The Canadian Federation of Independent Business slammed the creation of another government monopoly.
Cannabis Canada, an industry group that represents licensed marijuana producers, said it hoped the Ontario government would change its mind and allow private-sector retailers as well: "A competitive market model would provide the Province with a predictable, low-risk revenue stream without the taxpayer burdens of upfront capital expenditure exposure and operational risk."
Marijuana activist Jodie Emery, who spearheads a chain of marijuana dispensaries called Cannabis Culture but faces charges after police raids, attended the press conference and criticized the government's plans minutes after the announcement.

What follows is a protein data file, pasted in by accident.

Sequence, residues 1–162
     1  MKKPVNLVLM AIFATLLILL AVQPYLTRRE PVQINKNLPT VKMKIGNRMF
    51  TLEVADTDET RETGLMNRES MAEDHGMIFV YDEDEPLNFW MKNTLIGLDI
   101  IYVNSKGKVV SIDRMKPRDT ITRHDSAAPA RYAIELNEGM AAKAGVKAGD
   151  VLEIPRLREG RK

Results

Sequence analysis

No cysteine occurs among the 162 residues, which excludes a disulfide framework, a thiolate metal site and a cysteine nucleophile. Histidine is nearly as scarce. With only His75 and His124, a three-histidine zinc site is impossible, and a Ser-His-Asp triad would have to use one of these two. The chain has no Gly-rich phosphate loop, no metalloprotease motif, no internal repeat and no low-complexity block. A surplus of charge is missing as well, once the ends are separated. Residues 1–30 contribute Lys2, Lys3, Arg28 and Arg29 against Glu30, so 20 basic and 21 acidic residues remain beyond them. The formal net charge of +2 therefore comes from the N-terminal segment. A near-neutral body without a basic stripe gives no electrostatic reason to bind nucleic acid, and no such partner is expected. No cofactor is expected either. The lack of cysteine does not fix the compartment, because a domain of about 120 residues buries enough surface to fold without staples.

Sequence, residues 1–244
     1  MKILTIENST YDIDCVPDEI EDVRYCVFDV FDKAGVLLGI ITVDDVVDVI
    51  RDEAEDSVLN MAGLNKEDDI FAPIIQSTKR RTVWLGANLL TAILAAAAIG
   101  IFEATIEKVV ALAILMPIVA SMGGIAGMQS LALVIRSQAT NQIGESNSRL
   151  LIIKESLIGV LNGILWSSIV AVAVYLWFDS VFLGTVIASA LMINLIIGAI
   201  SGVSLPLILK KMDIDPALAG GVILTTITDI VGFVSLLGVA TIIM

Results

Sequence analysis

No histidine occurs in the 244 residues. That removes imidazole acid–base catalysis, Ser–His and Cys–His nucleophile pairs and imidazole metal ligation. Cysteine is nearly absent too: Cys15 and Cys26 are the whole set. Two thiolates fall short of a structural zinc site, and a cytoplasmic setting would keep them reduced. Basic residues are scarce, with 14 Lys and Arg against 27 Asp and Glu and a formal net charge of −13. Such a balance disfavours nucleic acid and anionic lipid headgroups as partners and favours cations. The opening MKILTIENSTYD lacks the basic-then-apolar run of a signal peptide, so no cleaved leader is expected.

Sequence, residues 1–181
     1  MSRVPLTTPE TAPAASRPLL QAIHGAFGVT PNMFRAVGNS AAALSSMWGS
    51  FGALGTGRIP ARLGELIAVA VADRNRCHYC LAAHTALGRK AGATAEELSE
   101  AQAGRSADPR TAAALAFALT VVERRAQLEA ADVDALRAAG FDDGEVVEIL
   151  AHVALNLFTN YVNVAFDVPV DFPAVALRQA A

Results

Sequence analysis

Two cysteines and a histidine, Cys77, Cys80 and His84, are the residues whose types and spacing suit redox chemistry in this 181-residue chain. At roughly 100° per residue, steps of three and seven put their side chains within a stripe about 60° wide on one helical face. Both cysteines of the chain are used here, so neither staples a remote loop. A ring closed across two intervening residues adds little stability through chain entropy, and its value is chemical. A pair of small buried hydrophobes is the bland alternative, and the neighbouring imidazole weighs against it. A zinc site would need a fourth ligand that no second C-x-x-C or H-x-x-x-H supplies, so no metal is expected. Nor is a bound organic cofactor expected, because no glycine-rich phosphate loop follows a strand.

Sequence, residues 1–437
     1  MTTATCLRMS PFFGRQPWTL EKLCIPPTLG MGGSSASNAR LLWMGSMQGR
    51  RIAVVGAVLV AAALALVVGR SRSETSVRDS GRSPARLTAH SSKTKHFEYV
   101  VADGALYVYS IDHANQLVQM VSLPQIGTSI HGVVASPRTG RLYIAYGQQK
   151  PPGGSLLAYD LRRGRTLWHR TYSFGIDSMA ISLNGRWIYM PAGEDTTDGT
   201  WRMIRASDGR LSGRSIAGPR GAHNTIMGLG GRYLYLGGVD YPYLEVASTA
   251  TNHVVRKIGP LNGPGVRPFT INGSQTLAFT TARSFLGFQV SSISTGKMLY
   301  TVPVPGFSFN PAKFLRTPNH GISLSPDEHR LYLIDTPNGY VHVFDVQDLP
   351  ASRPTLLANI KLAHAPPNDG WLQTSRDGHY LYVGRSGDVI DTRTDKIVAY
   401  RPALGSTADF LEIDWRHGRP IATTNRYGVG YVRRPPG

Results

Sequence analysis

She said the strategy was doomed to fail, and would only keep police busy trying to counter a black market that will continue to thrive: "Legalization was supposed to be the end of criminalization, the end of spending hundreds of millions of dollars on law enforcement and courts."
Tania Cyalume used to run a Toronto storefront dispensary called Queens of Cannabis, until it was shut down on Jan. 31. She predicts the new rules may prompt a resurgence of illegal dispensaries.
"A lot of people have been sort of hanging around to see if they can somehow get into the legal framework," she said. "And now that they are seeing that there's no room for them in the legal framework, a lot more people are going to open up shops again."